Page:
The best solution from the foreign policy standpoint is continued slow progress toward greater exchange rate flexibility, as pushed by McCracken. This is the most probable outcome and one we could expect if the more eccentric positions of the advisers cancel each other out, but the consequences are too serious to neglect should this not prove the result.

Fred Bergsten feels strongly that you, and perhaps the Secretary of State, should be involved in any recommendations on this issue so that the foreign policy consequences are given due weight. I agree with Fred. My own time here is very short; but Fred’s replacement should have the opportunity to comment to you, and you to the President, on any Connally recommendation.8

You may wish to raise this with the President verbally; if not, I have included a memorandum plus a notification to Connally, if you wish to handle it that way, though it is of course delicate bureaucratically.

The memorandum for the President requests that Connally seek your comments before presenting his recommendations. This is an awkward procedure for it means that you would be one of a number of persons whose views would be included in Connally’s memorandum. However, since Secretary Connally seems to have made arrangements to send his memoranda to the President without internal White House staffing, this seems the only way to make sure you are involved.9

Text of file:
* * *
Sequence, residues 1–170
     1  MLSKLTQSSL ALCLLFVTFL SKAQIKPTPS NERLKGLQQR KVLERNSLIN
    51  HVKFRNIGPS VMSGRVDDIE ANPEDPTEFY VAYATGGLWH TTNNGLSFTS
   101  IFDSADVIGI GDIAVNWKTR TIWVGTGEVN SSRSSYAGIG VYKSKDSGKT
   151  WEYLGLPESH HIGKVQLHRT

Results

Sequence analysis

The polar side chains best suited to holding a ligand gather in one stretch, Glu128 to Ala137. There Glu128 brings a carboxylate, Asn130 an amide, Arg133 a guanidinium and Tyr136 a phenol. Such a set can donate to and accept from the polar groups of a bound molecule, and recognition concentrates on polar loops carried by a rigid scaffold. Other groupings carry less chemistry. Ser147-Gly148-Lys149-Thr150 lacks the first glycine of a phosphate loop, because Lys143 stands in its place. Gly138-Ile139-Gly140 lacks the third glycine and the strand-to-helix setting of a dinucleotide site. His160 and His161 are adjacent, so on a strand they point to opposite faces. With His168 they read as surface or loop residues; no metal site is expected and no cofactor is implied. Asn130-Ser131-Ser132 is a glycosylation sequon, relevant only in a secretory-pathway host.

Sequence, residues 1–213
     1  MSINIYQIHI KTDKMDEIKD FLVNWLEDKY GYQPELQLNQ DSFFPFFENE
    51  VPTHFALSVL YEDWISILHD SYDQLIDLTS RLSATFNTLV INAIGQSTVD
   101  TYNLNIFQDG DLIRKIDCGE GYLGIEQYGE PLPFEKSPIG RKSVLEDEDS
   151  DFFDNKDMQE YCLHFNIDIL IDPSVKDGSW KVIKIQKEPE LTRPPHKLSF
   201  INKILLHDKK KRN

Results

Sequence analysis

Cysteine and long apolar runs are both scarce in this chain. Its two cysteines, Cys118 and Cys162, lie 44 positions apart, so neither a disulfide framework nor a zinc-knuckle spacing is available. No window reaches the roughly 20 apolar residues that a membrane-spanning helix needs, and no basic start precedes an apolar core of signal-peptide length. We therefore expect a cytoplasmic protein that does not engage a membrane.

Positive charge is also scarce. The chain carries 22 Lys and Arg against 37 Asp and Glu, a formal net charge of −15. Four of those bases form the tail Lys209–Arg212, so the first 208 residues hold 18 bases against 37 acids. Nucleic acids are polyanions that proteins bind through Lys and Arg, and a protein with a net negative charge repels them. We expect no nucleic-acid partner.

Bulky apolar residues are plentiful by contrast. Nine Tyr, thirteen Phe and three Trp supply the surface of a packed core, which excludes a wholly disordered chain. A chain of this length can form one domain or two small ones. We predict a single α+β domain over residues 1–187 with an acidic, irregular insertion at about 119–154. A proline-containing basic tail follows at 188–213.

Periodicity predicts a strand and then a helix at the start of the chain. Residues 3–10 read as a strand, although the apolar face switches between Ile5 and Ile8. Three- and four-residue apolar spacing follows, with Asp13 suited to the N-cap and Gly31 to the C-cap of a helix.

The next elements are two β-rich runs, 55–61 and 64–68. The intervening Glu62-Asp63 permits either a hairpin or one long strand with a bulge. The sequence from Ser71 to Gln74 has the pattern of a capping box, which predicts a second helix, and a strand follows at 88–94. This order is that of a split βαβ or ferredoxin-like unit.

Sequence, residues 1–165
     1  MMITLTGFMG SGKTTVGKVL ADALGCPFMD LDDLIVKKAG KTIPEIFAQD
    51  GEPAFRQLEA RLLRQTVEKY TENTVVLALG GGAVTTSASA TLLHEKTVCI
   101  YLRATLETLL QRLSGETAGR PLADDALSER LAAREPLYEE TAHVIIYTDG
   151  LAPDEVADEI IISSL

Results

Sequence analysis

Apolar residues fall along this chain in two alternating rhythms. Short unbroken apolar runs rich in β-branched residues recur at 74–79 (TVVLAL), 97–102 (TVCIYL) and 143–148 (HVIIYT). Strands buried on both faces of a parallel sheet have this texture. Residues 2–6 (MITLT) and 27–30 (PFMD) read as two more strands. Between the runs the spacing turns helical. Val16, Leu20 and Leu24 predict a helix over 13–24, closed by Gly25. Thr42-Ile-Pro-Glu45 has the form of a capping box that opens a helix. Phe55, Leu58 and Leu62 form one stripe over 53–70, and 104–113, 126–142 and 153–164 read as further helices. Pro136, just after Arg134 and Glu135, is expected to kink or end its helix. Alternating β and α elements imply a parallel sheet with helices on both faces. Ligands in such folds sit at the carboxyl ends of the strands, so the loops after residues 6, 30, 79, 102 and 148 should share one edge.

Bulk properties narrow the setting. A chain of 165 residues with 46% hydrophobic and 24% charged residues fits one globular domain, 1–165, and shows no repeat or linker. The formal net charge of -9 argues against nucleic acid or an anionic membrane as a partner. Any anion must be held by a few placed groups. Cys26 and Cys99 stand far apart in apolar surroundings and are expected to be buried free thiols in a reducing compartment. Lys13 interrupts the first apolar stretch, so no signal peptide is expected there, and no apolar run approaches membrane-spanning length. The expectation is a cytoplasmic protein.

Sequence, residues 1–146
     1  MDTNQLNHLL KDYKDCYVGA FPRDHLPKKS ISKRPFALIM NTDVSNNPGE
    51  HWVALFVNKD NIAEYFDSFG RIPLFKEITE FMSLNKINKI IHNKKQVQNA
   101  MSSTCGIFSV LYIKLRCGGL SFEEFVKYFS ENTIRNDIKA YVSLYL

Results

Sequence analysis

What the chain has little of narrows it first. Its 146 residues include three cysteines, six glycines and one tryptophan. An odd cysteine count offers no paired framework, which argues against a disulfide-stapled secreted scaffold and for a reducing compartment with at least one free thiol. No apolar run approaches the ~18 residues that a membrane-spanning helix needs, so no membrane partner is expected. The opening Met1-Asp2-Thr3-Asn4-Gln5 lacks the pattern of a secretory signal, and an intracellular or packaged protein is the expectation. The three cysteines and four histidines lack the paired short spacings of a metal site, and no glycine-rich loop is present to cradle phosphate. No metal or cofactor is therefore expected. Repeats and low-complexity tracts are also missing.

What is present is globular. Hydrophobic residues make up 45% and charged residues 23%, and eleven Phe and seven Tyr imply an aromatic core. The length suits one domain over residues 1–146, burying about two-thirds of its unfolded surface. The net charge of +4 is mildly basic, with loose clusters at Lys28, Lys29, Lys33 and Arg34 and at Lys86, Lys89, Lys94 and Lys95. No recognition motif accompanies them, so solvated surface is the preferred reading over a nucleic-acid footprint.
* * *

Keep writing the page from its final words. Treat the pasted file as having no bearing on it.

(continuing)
Recommendations: 10

That you seek the President’s concurrence in requesting that Connally seek your views before presenting recommendations to the President on international monetary reform. (You may wish to use the memorandum at Tab I.)
That, subsequently, you inform Secretary Connally of the President’s decision. (You may wish to use the memorandum at Tab II.)

  1. Source: National Archives, Nixon Presidential Materials, NSC Files, Agency Files, Box 218, Council on International Economic Policy. Confidential.
  2. Tab III, not printed, is a June 10 memorandum from Huntsman to President Nixon with Tabs A-D; see footnotes 3 5 below.
  3. Document 157.
  4. Document 158.
  5. See Document 159.
  6. Kissinger’s handwritten note at the top of the page reads: “All of this (illegible word) be handled informally. State, Peterson and I should be involved.”
  7. Not further identified.
  8. Johnston, a career Foreign Service officer, was completing a tour at the NSC and was about to be reassigned. Bergsten moved to the Brookings Institution during this time, and Hormats, who had joined the NSC Staff in 1969, assumed his responsibilities.
  9. Johnston’s memorandum and its attachments were attached to an August 2 memorandum from Jon Howe to General Haig that reads: “Per your instructions, I talked to Jon Huntsman who assured me that he would provide to both Peterson and HAK staffs any memoranda received from Secretary Connally concerning international monetary reform or related subjects.”
  10. There is no indication of Kissinger’s approval or disapproval of the recommendations and the memoranda at Tabs I and II, not printed, are unsigned.